Here are some links and references mentioned during this week’s show:
- We discussed the decision by the Boy Scouts to admit girls and the resistance of Girl Scouts leadership to the idea that this is a step forward for gender equality, as explained in this New York Times op-ed. Neil referenced the Girl Scouts’ longstanding commitment to progressivism. Natalia recommended this Atlantic article about what the Boy Scouts’ resistance both to admitting gay scouts and girl scouts teaches us about masculinity.
- When Alyssa Milano implored women Twitter to answer “me too” to signal their having been sexually assaulted, she touched off a new wave of hashtag activism. Natalia referenced the longer history of “me too” – it was created a decade ago by Tarana Burke – and commented how contributions of people of color are often erased. Niki recommended David Karpf’s The MoveOn Effect as a useful way to understand hashtag activism. Natalia recommended feminist Carol Hanisch’s On the Issues article about the continued salience of consciousness-raising to the feminist movement.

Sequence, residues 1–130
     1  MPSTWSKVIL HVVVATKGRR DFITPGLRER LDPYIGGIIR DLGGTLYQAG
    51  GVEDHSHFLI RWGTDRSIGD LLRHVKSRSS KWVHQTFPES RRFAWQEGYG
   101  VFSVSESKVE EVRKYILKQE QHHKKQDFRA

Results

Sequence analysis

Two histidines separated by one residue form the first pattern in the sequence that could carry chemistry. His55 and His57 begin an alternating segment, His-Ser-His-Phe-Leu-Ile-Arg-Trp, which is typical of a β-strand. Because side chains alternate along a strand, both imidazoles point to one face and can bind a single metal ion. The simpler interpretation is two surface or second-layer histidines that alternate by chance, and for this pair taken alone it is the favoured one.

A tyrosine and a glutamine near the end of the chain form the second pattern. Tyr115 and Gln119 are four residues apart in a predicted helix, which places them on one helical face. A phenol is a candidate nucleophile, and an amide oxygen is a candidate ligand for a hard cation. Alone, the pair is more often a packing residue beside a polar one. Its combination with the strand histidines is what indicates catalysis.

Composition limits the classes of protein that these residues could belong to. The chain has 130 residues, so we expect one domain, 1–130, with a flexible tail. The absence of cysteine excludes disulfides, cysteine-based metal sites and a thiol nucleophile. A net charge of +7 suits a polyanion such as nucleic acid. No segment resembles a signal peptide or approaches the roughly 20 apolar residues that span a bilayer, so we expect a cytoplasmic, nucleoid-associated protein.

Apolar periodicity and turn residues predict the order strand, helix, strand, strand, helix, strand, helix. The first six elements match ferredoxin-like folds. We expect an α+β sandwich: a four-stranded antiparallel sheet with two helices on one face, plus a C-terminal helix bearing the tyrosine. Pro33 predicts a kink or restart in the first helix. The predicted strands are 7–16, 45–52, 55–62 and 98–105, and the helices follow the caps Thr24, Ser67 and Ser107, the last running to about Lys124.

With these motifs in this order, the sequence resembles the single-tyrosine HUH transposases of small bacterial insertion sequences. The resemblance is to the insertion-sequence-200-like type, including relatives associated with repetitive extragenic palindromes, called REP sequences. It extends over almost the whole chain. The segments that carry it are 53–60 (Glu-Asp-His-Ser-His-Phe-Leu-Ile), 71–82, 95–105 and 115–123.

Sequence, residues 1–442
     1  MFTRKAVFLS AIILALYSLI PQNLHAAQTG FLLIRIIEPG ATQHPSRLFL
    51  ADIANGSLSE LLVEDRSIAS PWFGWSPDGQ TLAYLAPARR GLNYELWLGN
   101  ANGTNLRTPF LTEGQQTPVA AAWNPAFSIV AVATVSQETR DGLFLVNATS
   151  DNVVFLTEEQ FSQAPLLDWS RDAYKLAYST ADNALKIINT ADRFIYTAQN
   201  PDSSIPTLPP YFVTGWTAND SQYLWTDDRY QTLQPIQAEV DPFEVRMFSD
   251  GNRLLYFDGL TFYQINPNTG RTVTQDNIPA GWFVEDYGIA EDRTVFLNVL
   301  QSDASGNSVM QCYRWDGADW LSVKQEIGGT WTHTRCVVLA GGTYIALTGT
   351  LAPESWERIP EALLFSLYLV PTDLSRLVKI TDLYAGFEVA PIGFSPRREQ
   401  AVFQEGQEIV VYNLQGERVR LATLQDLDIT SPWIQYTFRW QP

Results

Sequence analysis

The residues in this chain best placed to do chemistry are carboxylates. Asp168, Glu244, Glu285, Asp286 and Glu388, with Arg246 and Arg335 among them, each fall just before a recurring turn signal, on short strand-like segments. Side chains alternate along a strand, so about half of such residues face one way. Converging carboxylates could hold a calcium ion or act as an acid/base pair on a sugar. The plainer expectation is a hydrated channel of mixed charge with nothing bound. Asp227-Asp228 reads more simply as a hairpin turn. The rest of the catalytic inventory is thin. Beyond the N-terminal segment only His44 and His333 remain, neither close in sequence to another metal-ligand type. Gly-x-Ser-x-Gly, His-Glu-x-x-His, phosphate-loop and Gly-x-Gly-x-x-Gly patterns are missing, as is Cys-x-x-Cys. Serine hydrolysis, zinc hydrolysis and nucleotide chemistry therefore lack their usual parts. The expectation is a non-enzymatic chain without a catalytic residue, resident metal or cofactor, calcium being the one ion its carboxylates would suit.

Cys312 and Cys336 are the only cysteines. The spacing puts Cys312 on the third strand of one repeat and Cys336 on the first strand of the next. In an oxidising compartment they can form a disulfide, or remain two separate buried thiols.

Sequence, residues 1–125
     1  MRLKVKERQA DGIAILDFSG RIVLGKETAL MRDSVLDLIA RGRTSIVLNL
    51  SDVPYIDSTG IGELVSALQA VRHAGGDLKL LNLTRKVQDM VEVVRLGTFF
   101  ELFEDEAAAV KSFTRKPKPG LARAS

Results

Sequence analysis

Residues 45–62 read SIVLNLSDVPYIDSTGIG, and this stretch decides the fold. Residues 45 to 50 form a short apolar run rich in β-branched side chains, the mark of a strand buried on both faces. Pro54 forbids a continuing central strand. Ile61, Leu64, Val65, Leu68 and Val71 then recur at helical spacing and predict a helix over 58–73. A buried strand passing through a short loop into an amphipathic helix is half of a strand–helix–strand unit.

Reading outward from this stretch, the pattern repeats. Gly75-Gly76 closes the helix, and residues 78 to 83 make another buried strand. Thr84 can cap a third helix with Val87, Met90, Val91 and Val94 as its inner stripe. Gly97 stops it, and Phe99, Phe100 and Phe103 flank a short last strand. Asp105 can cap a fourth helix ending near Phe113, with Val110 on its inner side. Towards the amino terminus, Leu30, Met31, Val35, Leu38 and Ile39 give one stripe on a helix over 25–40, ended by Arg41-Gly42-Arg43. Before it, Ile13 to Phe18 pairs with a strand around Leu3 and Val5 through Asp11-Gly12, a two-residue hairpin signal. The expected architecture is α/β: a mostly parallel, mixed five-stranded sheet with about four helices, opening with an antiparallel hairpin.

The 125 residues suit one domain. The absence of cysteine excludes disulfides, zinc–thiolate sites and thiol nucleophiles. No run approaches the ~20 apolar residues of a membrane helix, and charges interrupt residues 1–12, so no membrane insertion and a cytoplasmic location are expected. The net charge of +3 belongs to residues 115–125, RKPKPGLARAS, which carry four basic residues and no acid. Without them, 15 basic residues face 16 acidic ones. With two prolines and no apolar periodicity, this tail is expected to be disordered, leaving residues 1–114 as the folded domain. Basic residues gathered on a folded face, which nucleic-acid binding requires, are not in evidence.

- Michael Friedman’s death of HIV/AIDS in 2017 came as a shock to many who think of the disease as chronic, but no longer fatal. In chronicling how the disease has stigmatized gay men, Niki recalled conservative William F. Buckley’s proposal that HIV-positive gay men have their status tattooed on their buttocks. Natalia referenced a Smithsonian article on the fear-mongering approach of 1980s and 1990s public health campaigns around HIV/AIDS, as well as a useful New Republic piece explaining why the United States was hit harder than western Europe by the virus.
In our regular closing feature, What’s Making History:
- Natalia discussed a Racked article explaining a new fashion trend: menocore.
- Neil commented on the latest wave of resistance in schools to Harper Lee’s To Kill a Mockingbird.
- Niki discussed historian Claire Potter’s Washington Post article on the relevance of Andrea Dworkin to understanding the Harvey Weinstein debacle.